Warning: this article contains video you may find disturbing.
Videos by Rare
It’s the kind of thing you never hope to see and the kind of thing that seems to keep happening.
The heroin problem in America is a real one, and graphic videos of people overdosing in cars keep popping up.
The latest graphic video comes from Sandusky, Ohio, where, in a McDonald’s parking lot, Eddie Wimbley walked up to a car and found two men passed out. Wimbley thought they were joking at first and started filming.
He soon realized that this was no joke. The video went live and viral on Facebook.
One of the men in the video, who was gasping for air on the ground, has been identified as 27-year-old Michael Williams. He and his family want the video to be shared far and wide.
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“I was fighting back the tears,” Williams told WKYC. “I got goosebumps and teary eyed. Like I said, I am a strong individual, and it was hard to watch.”
“I definitely have a problem,” he added. “If I could get the help right now, I would definitely go. I need it I want it.”
Williams recently lost his job and does not have insurance, WKYC reported, and said Medicaid wouldn’t cover the kind of inpatient treatment he’d require.
Williams’ sister Amber Roesch urged people to watch the video and share it.
“Watch that video and share it, because that is terrifying,” she said. “I do not want to have to bury him. He needs help now.”
As for the man who was passed out in the driver’s seat, he and a responding officer had an exchange. According to WSET, “the officer said the victim was lethargic and would become unresponsive if not actively engaged” and “Sandusky Fire Department personnel attempted to administer a dose of naloxone to the victim, who refused multiple times, denying having taken any narcotics.”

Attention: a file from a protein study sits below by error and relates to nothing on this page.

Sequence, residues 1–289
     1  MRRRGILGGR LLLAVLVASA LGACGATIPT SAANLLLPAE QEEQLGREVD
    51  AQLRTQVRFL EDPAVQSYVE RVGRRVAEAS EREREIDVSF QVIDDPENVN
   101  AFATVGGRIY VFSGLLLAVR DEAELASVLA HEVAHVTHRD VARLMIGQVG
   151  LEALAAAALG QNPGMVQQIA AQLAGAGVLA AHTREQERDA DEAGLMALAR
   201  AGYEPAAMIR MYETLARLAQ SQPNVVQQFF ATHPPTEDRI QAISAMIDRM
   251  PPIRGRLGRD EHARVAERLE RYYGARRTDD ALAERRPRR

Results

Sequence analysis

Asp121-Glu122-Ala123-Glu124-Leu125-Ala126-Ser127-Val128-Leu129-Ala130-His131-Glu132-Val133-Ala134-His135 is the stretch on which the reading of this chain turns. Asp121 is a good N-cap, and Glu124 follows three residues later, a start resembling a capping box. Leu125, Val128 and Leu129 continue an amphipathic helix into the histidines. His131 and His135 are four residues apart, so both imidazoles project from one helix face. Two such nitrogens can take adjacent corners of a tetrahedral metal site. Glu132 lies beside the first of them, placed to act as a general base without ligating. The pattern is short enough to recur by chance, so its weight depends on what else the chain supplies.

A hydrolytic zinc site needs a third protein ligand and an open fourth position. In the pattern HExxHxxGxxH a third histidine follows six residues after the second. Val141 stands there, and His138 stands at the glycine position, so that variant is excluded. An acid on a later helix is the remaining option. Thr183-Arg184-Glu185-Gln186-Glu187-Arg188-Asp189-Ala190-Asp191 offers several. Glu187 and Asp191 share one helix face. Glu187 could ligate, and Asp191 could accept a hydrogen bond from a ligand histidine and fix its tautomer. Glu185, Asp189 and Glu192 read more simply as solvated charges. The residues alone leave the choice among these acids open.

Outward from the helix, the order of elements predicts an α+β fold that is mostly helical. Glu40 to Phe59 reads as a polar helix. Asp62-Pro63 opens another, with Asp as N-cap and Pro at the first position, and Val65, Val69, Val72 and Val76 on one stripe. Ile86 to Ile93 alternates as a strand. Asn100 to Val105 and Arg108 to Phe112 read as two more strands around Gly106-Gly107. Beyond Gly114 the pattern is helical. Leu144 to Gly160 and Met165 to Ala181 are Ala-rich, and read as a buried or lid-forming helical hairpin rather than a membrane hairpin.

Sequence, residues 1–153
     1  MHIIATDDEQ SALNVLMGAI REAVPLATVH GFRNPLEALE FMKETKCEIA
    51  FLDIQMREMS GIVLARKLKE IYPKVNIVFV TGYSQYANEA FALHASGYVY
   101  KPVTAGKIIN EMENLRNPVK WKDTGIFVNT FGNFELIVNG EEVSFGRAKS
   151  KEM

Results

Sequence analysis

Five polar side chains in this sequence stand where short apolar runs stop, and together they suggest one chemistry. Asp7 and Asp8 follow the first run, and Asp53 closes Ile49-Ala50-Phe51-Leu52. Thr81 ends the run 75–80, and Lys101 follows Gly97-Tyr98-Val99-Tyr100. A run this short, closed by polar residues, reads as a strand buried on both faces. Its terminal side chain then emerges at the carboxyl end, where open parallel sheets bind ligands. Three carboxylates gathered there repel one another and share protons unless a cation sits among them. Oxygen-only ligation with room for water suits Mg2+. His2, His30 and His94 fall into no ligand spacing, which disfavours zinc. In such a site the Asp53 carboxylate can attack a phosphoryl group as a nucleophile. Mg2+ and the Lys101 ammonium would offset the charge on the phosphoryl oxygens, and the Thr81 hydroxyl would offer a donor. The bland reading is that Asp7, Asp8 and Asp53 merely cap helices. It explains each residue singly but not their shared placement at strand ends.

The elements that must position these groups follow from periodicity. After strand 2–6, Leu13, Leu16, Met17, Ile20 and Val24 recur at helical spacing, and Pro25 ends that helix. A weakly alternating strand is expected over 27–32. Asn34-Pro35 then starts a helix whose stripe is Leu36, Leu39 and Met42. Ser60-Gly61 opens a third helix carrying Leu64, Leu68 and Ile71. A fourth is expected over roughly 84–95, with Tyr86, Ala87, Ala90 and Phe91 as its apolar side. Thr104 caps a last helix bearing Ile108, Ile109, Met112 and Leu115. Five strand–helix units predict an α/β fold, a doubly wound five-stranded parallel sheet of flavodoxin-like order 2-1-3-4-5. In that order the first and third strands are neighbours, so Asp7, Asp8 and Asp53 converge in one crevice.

Naxolone was administered, and both men were taken to the hospital for further treatment. Neither could say how they had gotten to the brink of death.
The man who filmed the terrifying video said the he hopes it’s a wakeup call.
“I hope it is like a wakeup call,” Wimbley said. “I just do not understand how people can do something knowing that they could possibly die.”
As Rare reported in August, more than 28,000 opioid- and heroin-related overdose were reported in 2014.
Every year in the United States, doctors prescribe enough opioid painkillers to give one bottle to every adult in the country. This over-prescription of painkillers, officials believe, has contributed to the heroin epidemic that now grips many American cities.
The epidemic has touched the lives of student athletes, mothers, fathers and beloved celebrities, with more than 28,000 opioid- and heroin-related overdose deaths reported in 2014, according to the CDC. In response, the Obama administration is treating it as a public health crisis, calling for an allocation of $1.1 billion in new funding to help those seeking treatment.
The police of Sandusky are more than aware of the problem locally.
“We have seen levels of overdoses in the last two weeks that are unprecedented. We have had as many as 20 plus overdoses and four suspected overdose deaths in the past two weeks. Sandusky Fire Department has administered Narcan over 170 times this year, up from 80 last year. Loved ones are dying because of this horrendous epidemic,” Sandusky Police Chief John Orzech said.
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